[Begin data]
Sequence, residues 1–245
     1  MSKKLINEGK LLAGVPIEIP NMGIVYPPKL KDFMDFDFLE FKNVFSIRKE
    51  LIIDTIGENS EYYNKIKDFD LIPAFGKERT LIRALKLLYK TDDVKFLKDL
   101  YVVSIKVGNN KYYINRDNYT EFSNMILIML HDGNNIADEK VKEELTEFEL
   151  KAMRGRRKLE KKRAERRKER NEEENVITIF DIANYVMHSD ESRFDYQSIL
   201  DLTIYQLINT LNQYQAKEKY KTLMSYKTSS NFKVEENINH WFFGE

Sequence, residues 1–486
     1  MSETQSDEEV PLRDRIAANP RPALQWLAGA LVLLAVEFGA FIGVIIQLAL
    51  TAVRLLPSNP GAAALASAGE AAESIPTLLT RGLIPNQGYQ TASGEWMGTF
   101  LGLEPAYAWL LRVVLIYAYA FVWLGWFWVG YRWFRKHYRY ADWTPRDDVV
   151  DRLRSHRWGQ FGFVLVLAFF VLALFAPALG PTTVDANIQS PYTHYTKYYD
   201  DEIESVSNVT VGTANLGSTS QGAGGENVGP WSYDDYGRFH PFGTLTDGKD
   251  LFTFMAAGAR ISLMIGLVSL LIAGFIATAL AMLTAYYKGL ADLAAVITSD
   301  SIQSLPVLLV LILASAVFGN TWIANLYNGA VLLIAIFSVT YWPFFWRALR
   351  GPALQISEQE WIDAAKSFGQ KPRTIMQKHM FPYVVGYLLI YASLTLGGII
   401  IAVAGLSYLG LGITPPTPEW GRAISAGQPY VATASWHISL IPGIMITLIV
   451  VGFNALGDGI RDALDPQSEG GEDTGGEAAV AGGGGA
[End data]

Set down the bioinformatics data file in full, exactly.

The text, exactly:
Sequence, residues 1–245
     1  MSKKLINEGK LLAGVPIEIP NMGIVYPPKL KDFMDFDFLE FKNVFSIRKE
    51  LIIDTIGENS EYYNKIKDFD LIPAFGKERT LIRALKLLYK TDDVKFLKDL
   101  YVVSIKVGNN KYYINRDNYT EFSNMILIML HDGNNIADEK VKEELTEFEL
   151  KAMRGRRKLE KKRAERRKER NEEENVITIF DIANYVMHSD ESRFDYQSIL
   201  DLTIYQLINT LNQYQAKEKY KTLMSYKTSS NFKVEENINH WFFGE

Sequence, residues 1–486
     1  MSETQSDEEV PLRDRIAANP RPALQWLAGA LVLLAVEFGA FIGVIIQLAL
    51  TAVRLLPSNP GAAALASAGE AAESIPTLLT RGLIPNQGYQ TASGEWMGTF
   101  LGLEPAYAWL LRVVLIYAYA FVWLGWFWVG YRWFRKHYRY ADWTPRDDVV
   151  DRLRSHRWGQ FGFVLVLAFF VLALFAPALG PTTVDANIQS PYTHYTKYYD
   201  DEIESVSNVT VGTANLGSTS QGAGGENVGP WSYDDYGRFH PFGTLTDGKD
   251  LFTFMAAGAR ISLMIGLVSL LIAGFIATAL AMLTAYYKGL ADLAAVITSD
   301  SIQSLPVLLV LILASAVFGN TWIANLYNGA VLLIAIFSVT YWPFFWRALR
   351  GPALQISEQE WIDAAKSFGQ KPRTIMQKHM FPYVVGYLLI YASLTLGGII
   401  IAVAGLSYLG LGITPPTPEW GRAISAGQPY VATASWHISL IPGIMITLIV
   451  VGFNALGDGI RDALDPQSEG GEDTGGEAAV AGGGGA